Originally Posted by Ironhinge
Although it sounds like it is unnecessary from your experience, if someone with a setup like yours wished, they could protect the battery from overcharge during long-term storage by disconnecting the 4a from the simplex.
When you disconnect the AC power or turn off the Samlex battery charging stops so you don't have to disconnect the battery from the system. Also, a flooded lead-acid battery will not overcharge if the charge voltage is kept at 13.8V. The current supplied will be just enough to offset the natural self-discharge of the battery. Of course is is a good idea to disconnect the battery if the trailer will be in long-term storage. And make sure the battery top is clean. Sulfuric acid is conductive and even a thin layer on the battery top will allow the battery to self-discharge quicker. If the camper will be stored for more than three months try to arrange to charge the battery during storage.
Regarding intelligent, smart or three-stage chargers - They charge a battery in three steps, bulk, absorption and float.
In bulk charge the charge is current limited, usually at C=0.1 to C=0.5 with C being the battery capacity. This is also called a fast charge mode where a completely discharged battery is brought back to almost full charge (about 80%) in 2 to 6 hours.The problem is heat, the enemy of all things electrical
or electronic. You are limited by I squared R with the R being the internal resistance of the battery. Heat dissipated goes up as the square of the charging current and, if not controlled, can literally cause the battery to melt down. The internal resistance of the battery also tends to increase as the charge rate increases so the problem is compounded. High charge rates can also cause the lead plates to disintegrate due to gas bubbles forming in enclosed areas in the plates.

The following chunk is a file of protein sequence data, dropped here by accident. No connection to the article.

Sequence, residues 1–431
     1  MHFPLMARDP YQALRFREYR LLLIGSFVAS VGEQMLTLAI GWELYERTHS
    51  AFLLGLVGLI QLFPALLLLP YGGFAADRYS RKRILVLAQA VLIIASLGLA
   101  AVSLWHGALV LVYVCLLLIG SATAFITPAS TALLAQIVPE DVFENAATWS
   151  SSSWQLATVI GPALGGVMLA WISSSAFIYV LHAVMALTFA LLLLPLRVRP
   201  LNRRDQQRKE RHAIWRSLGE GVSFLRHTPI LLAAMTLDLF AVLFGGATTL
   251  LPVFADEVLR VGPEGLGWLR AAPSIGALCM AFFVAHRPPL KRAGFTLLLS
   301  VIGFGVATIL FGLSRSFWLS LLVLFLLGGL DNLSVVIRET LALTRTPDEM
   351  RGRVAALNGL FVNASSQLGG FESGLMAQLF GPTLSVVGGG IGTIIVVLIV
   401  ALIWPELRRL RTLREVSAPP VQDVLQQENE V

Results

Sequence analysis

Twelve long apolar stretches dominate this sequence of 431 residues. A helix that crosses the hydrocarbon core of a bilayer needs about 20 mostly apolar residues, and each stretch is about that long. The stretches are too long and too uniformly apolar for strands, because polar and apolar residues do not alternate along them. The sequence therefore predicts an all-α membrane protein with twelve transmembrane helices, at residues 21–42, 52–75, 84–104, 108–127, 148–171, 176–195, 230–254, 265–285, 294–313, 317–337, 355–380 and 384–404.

In the absorption step the charge is voltage limited (usually at about 13.6 to 13.8V). This brings the battery up to full charge (from 80% to 100%) slowly but is more efficient overall as the charge current is much lower (lower I = less internal heating of the battery).
The final step is float mode where the battery no longer accepts a charge. It is full, satisfied and happy. This is the point where current flow to the battery is just enough to offset the self-discharge rate of the battery. Some chargers detect when the charge current drops below a threshold and then lowers the voltage a couple of tenths of a volt.
The Samlex really only uses the absorption and float mode since the initial charge rate is well below 0.1C (for a 100AH battery). Although it takes longer to charge a fully discharged battery this way it is much easier on the battery since there is less heating per unit time and more time to dissipate the heat. A cool battery is a happy battery!
There is another charging mode called equalizing where the battery is hit with a higher voltage per cell and a much higher current. This mode is normally only used with large stationary battery banks such as telephone switchboard cells. The charge is held until the cells are liberally gassing to ensure that all cells in the system are at 100%. Although I have heard of people using this mode on batteries in RVs I do not believe it is a good idea for the relatively small batteries we use. In addition to the heat generated there is the danger of exploding hydrogen gas. Just a little spark and you have battery pieces and sulfuric acid flying everywhere.
Some smart chargers use sensing circuitry to determine when to switch from bulk to absorption to float modes. Since the Samlex doesn't use the battery slaying bulk charge mode it isn't necessary.
The only downside of this system is that it takes longer to recharge a completely discharged battery. But you wouldn't let your battery get completely discharged would you?
Sorry to be so verbose but the above dissertation only scratches the surface of battery charging science. Whole books have been written on the subject.
73 for now